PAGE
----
My favourite blogs

Sunday, 12 July 2020

July 2020 Cambridge Open Studios is cancelled - Open Windows instead


As membership secretary to Cambridge Open Studios much of the winter months are spent interacting with members both new and old, creating lists and planning, planning, planning.  
The 2020 yellow guide was almost ready to go to the designer when we had to cancel everything.  

I wasn’t planning to exhibit this year but almost 400 others were.  

Chatting to  member Kate Green to pick her brain on how she uses social media, we talked about how it was a great pity not to do anything this summer. Kate thought about this and asked if  the COS management team would support her plan to organise  a local ‘Open Windows’ emulating what was already happening in Brighton and York where artists started to display art in their windows. 


Of course, Kate has the green light and I agreed to do the emails. Up to date we have 140+ artists on board, the website features a ‘virtual’ window and  splendid animation created by Bob & Carol Banks in Ely. Other members have volunteered to do the maps and plan out a social media campaign. 


Visit www.camopenstudios.co.uk





Finally, my window display. 



Friday, 3 July 2020

New Altar Cloth for The Leys School Cambridge


Recently, my dear friend Lynda showed me the patchwork piece she designed and made. It was, I think, her first ever piece of patchwork. She designed it as as new altar cloth for the chapel at the Leys School in Cambridge where her husband, the Reverend Clifford Meharry is retiring at the end of June as chaplain and teacher after 20 years of service.   With the end of term looming I offered my services to quilt and bind the piece. 

With much time on my hands, it was both an honour and a pleasure to do this for my friend.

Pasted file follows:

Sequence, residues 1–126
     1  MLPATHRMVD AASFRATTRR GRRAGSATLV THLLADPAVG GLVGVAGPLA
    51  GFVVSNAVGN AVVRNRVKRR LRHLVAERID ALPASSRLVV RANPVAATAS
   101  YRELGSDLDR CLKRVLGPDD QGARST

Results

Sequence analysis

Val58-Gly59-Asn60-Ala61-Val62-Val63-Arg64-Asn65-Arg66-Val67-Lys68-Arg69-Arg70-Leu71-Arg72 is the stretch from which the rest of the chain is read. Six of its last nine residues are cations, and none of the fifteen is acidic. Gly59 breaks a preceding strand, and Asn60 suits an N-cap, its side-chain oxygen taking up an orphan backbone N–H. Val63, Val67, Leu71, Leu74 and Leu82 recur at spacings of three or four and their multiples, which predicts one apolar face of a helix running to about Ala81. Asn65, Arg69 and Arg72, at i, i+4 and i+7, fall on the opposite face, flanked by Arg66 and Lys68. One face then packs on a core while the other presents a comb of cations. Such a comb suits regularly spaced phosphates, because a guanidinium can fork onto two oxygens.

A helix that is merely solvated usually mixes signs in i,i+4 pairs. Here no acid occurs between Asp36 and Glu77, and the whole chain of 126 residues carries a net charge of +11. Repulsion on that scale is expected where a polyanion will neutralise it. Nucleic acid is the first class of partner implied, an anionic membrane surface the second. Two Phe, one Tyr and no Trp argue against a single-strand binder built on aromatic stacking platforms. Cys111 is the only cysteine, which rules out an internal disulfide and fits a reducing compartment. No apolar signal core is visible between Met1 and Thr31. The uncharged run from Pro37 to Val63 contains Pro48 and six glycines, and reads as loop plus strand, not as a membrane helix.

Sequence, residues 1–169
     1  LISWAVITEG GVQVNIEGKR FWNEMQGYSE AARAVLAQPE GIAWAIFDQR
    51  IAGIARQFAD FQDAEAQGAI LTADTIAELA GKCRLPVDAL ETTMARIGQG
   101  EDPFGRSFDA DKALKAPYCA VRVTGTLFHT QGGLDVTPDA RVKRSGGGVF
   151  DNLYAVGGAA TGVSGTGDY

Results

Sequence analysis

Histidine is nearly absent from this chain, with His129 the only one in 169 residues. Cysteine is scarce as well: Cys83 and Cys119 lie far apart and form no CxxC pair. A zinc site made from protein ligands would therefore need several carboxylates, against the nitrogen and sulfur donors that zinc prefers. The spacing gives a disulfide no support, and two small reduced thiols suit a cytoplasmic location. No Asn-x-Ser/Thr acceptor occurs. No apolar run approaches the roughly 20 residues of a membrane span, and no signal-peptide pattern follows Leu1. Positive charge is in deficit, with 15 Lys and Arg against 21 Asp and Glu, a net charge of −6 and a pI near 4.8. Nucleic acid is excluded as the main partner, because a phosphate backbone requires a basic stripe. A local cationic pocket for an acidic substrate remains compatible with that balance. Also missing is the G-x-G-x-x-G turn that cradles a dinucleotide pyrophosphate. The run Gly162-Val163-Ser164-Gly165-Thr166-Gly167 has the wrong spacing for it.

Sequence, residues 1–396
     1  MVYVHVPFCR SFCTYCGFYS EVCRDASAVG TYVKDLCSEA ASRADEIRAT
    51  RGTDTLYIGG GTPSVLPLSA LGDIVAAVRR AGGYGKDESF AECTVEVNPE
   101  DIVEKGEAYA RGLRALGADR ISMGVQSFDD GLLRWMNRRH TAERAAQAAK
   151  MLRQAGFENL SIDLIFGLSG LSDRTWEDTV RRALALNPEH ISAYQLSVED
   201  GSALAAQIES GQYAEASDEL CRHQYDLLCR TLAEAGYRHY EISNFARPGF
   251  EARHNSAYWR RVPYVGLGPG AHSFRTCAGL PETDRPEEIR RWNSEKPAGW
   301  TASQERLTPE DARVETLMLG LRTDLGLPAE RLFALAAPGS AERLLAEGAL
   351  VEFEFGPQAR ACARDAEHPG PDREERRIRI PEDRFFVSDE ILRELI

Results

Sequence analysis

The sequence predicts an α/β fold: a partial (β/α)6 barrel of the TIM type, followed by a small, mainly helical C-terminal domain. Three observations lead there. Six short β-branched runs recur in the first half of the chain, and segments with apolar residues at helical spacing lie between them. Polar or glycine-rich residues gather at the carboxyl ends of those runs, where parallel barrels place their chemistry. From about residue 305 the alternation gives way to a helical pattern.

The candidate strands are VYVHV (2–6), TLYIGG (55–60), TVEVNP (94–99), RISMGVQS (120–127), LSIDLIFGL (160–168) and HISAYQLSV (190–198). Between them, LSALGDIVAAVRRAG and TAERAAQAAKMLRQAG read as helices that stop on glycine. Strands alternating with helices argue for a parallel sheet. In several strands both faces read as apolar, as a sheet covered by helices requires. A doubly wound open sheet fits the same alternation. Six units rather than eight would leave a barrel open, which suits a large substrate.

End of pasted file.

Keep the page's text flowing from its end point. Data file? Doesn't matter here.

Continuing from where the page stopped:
So, how should I quilt this piece?  The fabrics used were a mixture of old and new fabrics, mostly interfaced to give them some support. The prints were busy and after a bit of trial and error, I came the conclusion that free motion quilting would detract from the design. I wanted the crosses to really sing. 

Here I had a go at stitching 'in the ditch'. Didn't like this. Free Motion Quilting didn't work either as the quilt was rather heavy and the thread simply disappeared. 



Here is a close up of me using my walking foot and a built in stitch called 'serpentine' where I adjust the width of the wave as a well as the stitch length.  



Here are the settings on my new Janome machine which has a nice wide arm. Still getting used to used to it. I use stitch #20 adjusted from the default with a longer stitch length and a wider 'wave'. 


Here I am in my studio quilting. 


I wear textured gloves to make it easier to move the fabric around


Here is the finished altar cloth. Doesn't it look great with the stained glass? 


Sunday, 28 June 2020

Velvet Magazine - June Edition features me.


With July Cambridge Open Studios cancelled, we decided to hold an alternative event  instead. More on this another time. Publicity got underway for what we called  ‘Open Windows’ 2020 and Velvet Magazine were very keen to offer Cambridge Open Studios at least one article in their publication.  You can imagine how pleased I was to be one of the artists they chose to feature in June. Mine is the kaleidoscope piece. I made two versions of this design and both are for sale. I also have printed cards available. 








Sunday, 14 June 2020

Friend Agnes Asselin relaunches her website & is raising money for Ugandan children


I once had the good fortune to spend two glorious weeks in Brazzaville, Congo. My friends will already know how much I love African fabric. My husband was born and brought up in Khartoum in Sudan, so the affinity with the African continent is long indeed.

A few years ago I met a lovely lady on Cambridge market who created amazing pictures using colourful African fabrics.  The pictures are very unusual, individual pieces of carefully chosen fabrics are inserted into a special foam base giving the images a 3D effect. Often there are pieces of jewellery included.